On trial: Cameras to clock car's average speed

These “average speed cameras” along Changi Coastal Road calculate a vehicle’s average speed over a stretch. -- ST PHOTO: CHRISTOPHER TAN
These “average speed cameras” along Changi Coastal Road calculate a vehicle’s average speed over a stretch. -- ST PHOTO: CHRISTOPHER TAN

Those who breach limits will find it harder to evade the new technology

Habitual speedsters, watch out - new cameras that "know" your average travelling speed are up and running.

Unlike with the spot speed cameras in use here since 1992, motorists will have a much harder time evading the new technology, which calculates a vehicle's average speed over a stretch to determine if it is breaching the speed limit.

Police installed the first set of so-called "average speed cameras" as a trial at Changi Coastal Road last November, and they were switched on in January.

The cameras are mounted on two gantry-like structures about 4km apart and were spotted by The Straits Times, which understands they are capable of monitoring traffic in both directions.

Such cameras are used in countries such as Australia, the United States and Britain.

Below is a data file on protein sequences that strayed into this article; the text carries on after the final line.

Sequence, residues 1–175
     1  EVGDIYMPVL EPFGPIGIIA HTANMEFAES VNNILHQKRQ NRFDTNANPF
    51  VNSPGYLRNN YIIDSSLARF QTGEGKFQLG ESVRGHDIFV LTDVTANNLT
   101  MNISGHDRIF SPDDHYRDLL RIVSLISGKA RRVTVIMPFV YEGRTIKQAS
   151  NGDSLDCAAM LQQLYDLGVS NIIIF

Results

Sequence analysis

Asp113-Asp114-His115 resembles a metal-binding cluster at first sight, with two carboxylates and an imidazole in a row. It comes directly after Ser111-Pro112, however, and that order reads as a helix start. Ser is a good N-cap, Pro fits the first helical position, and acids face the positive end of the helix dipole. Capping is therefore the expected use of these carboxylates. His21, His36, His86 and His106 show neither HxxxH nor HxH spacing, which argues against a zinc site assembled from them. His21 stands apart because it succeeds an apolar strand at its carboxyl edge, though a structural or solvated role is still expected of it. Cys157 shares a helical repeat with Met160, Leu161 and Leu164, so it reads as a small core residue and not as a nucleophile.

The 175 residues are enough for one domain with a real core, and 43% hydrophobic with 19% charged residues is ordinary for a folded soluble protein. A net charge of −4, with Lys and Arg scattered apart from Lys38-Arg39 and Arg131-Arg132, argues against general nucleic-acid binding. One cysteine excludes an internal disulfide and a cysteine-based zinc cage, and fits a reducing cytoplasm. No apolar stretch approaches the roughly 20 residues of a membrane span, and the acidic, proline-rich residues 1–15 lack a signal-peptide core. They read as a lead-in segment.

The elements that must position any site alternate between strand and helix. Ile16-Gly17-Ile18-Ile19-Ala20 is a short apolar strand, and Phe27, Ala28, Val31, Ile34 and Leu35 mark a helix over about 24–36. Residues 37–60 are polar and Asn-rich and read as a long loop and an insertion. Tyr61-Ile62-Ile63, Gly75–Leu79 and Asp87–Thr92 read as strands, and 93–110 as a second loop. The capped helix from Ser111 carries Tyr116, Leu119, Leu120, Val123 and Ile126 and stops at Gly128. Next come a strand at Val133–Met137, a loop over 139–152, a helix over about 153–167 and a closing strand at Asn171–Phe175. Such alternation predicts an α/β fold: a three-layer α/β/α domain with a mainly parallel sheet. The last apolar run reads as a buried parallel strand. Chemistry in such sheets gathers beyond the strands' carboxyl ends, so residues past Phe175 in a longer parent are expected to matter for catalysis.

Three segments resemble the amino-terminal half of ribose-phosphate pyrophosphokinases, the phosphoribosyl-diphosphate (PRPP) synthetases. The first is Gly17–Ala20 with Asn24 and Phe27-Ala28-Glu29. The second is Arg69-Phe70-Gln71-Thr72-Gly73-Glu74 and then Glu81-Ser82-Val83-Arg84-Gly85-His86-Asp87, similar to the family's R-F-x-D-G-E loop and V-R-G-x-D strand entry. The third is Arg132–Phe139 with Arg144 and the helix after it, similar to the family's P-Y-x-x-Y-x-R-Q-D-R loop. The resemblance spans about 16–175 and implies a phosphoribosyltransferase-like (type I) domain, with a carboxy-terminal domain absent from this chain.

Singapore Road Safety Council vice-chairman Gopinath Menon described them as "a fairer method" of enforcing speed limits.

Retiree Lee Chiu San, 67, reckons that the new cameras will be more effective.

"You will be more well behaved over a greater distance," he said, adding that they should be used alongside a "sensible" speed limit.

Changi Coastal Road's current limit is 70kmh. Despite warnings and speed stripes, the 10km road has been the site of serious and fatal accidents in recent years - many involving heavy vehicles and cyclists.

However, some motorists feel the 70kmh limit is too low for such a long and straight road, and, in itself, may be a hazard as drivers could lose attention.

Automobile Association of Singapore chief executive Lee Wai Mun called for a holistic approach to improving road safety.

"We seem to be swinging from one target group to another," he said.

"We need to look at how we enforce behaviour of every road user, including cyclists and pedestrians."

Police would not say how much the camera trial costs, or whether the system will be rolled out to other roads.

"There is only one on trial for now, and there are no further plans at this point of time," a spokesman said."The trial is ongoing, and no summons has been issued thus far."

christan@sph.com.sg

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